I have also to chronicle the death of another old soldier Avho served Avith distinction in the Maori Avar of 1864-66 — namely, Sir Thomas Baker, who died at Pau on the 10th inst., from dropsy, after a brief illness. Sir Thomas, Avho at the time of his death held the post of quartermaster-general, had seen a great deal of active service in all quarters of the globe. When only a lad of seventeen he made a name for himself by " gallantry displayed at the attack of the cemetery and suburbs of Sebastopol on June 18, 1855." From the Crimea Sir Thomas Avent to India, and Avas actiA r ely engaged during the mutiny of '57, when he served Avith the field force under Colonel Beaston. During the Waikato and Wanganui campaigns Sir Thomas served first as deputy-assistant-adjutant-general, and after Avards as assistant - adjutant - general. He was present at the action at BangiaAvhia as acting assistant military secretary to Sir Duncan Cameron, Avas mentioned in the despatches, and receiA r ed the brevet of major. He was staff officer to the force under General Carey at the attack and capture of Orakau, and was again mentioned in the despatches " for gallantry, untiring energy, and zeal evinced." His last active service was in Burmah during 1888-87. From the latter year to 1890 Sir Thomas commanded a division of the Bengal Army, and Avas appointed quarter-master-general with the rank of lieutenant-general. Sir Thomas Baker was born in 1837.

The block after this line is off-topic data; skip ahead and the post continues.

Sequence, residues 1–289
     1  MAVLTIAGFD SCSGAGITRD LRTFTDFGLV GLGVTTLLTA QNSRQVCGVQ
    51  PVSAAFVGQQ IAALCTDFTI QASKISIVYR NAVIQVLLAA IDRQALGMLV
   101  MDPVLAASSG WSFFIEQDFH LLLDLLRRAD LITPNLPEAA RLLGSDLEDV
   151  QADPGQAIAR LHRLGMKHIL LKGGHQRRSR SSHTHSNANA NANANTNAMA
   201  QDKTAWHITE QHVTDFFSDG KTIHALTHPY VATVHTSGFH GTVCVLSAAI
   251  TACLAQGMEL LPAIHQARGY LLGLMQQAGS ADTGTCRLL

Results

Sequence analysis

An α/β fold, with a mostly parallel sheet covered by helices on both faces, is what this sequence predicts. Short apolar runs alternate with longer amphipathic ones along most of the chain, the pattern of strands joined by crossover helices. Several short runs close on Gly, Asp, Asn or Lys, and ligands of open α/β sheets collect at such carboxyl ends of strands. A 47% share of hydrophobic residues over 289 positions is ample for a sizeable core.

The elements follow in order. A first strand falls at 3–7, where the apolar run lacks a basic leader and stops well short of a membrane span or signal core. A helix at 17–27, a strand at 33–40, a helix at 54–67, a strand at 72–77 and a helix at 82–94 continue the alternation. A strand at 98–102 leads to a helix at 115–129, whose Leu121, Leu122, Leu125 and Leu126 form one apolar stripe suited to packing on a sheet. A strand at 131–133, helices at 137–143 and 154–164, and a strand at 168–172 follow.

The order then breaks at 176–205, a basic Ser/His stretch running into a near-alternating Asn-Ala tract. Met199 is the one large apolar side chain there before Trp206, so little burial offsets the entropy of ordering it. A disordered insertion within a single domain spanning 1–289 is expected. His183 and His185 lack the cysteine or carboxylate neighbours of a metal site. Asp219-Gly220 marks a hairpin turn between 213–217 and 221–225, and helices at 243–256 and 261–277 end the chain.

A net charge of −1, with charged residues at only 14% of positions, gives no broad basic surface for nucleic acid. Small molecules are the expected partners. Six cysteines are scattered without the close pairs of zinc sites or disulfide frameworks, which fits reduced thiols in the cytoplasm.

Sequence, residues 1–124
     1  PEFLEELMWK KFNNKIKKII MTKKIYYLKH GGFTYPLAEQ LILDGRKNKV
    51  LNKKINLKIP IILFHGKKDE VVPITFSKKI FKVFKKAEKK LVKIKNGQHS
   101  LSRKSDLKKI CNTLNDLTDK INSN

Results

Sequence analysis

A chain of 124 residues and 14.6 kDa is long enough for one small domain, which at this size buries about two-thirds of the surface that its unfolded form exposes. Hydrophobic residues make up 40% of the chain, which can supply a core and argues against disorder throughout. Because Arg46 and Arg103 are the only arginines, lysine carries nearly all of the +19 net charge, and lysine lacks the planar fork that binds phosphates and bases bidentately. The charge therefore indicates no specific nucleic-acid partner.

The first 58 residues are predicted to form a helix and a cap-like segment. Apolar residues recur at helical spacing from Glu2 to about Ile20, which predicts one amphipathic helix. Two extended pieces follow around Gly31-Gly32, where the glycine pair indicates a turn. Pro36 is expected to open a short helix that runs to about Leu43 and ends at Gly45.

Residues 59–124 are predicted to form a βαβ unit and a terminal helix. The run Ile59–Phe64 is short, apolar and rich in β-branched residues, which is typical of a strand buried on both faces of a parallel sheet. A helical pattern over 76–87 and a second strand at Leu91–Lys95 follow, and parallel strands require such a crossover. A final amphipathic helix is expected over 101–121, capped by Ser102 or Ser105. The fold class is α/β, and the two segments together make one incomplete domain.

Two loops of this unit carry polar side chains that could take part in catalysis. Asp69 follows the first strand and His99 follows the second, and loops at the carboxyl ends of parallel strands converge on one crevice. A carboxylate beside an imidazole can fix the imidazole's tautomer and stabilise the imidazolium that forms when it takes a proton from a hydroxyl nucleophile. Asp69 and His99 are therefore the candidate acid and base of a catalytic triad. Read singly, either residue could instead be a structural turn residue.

Too late for the last mail I received notification of the death of Lieutenant-colonel John Augustus G. Frederick SeAvell, Avho served in the New Zealand war of 1864-66, and was medalled for his work in that campaign. The deceased, who succumbed at Plymouth on January 21 to an attack of acute pneumonia, was born in 1829. He entered the service shortly before the Crimean war, and served before Sebastopol, "receiving the medal and clasp, also the Turkish medal, 1854.
Though Sir Frederick Young will not admit that negotiations for the amalgamation of the Imperial and Colonial Institutes have been initiated, he alloAvs that their ultimate conjunction is not improbable. The chief objector to the scheme will, I imagine, be Mr F. S. O'Halloran, who can scarcely be expected to contemplate with equanimity being devoured and practically extinguished by the good gentlemen known as " the S.K. gmg." Mr O'Halloran has made the olonial Institute what it is — nursed the concern from its frail, weakling youth to prosperity and strength. Unless he can see clearly (which is more than I can) that the Institute will gain by sinking its individuality in Sir Frederick Abel's hobby, the future of which is by no means assured, he may be trusted to effectually oppose the amalgamation scheme. Dr Pearson's 'National Life and Character' has, naturally enough, perhaps, been noticed at greater length than any other Anglocolonist's work that I can remember. ' The Times' and ♦ Westminster Review' both gave it splendid reviews, though the latter was not specially friendly ; and Professor Huxley discoursed thereon in the ' Pall Mall Gazette.'
The tablet to the memory of the late Dr Beaney, of Melbourne, has now been completed by Mr Forsyth, and is being erected in Canterbury Cathedral. It will be unveiled by Mr John Henniker Heaton, M.P., on March 1. Dr Beaney was a native of Canterbury, and bequeathed £10,000 for the erection of a working men's institute and